1. The balance between costs and benefits of migration under different environmental, density-dependent and individual conditions may promote a broad range of migratory behaviours. We studied the factors influencing first-year migration and subsequent fidelity or dispersal among wintering areas, and the survival costs of different wintering behaviours in the greater flamingo (Phoenicopterus roseus).
2. We analysed by multievent capture–recapture modelling among-site dispersal/fidelity and site-dependent survival probabilities from 22 671 flamingos ringed in the Camargue (France) between 1977 and 2010 and resighted subsequently in their wintering grounds classified as France, Iberian Peninsula, Italy and North Africa.
3. We found that first- and second-year birds either resident or wintering at medium distances from their birth place, survived better than those wintering further afield. However, under severe winter conditions (extremely cold winter 1984–1985), individuals with the sedentary strategy suffered the highest levels of mortality. From the third winter onwards, the pattern of survival reversed: the long-distance wintering individuals (i.e. North Africa) survived better.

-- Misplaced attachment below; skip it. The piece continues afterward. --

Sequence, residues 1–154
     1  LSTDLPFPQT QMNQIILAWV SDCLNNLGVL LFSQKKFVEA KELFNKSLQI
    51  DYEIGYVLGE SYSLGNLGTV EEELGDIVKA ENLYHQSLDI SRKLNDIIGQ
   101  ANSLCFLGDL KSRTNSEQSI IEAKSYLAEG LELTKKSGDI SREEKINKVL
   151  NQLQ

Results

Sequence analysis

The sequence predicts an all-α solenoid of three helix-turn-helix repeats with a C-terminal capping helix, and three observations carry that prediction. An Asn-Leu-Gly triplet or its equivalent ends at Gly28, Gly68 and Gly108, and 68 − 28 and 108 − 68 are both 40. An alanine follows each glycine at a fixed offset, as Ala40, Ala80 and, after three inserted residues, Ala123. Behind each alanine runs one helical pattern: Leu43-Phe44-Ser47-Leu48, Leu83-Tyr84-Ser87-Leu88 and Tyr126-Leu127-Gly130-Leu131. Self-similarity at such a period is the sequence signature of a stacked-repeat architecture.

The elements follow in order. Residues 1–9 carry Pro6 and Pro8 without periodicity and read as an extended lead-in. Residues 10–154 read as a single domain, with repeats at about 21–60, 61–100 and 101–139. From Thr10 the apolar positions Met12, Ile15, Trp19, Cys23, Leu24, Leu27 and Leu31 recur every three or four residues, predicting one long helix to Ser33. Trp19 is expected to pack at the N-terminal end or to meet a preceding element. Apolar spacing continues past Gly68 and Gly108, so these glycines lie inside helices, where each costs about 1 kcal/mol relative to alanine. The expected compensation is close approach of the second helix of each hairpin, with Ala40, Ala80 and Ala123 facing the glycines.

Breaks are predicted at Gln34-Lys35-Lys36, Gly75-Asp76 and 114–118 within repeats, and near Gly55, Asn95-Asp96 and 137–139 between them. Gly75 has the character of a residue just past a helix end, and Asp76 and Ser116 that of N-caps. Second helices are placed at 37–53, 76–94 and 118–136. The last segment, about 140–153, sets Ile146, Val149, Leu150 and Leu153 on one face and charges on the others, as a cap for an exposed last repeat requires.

4. The proportion of first-year birds migrating for wintering was highly variable among cohorts and increased with favourable environmental conditions (wet years). After the first winter, birds showed high fidelity (>90%) to their previous wintering area and wintered preferably near their natal colony when they became adults (>2 years).
5. Survival estimates suggest that long-distance migration was costly for young and inexperienced individuals. Nonetheless, for adults, the most southern wintering areas seem to offer the most favourable local conditions for overwinter survival.
6. The higher availability of intermediate stopover sites during wet years may facilitate first-year migration. Then, once they have some wintering experience, flamingos appear to favour the known wintering grounds. As they grow older, dispersing towards the vicinity of the natal colony may provide higher breeding prospects for individuals wintering closer to this high-quality and saturated breeding ground, as predicted by the arrival-time hypothesis.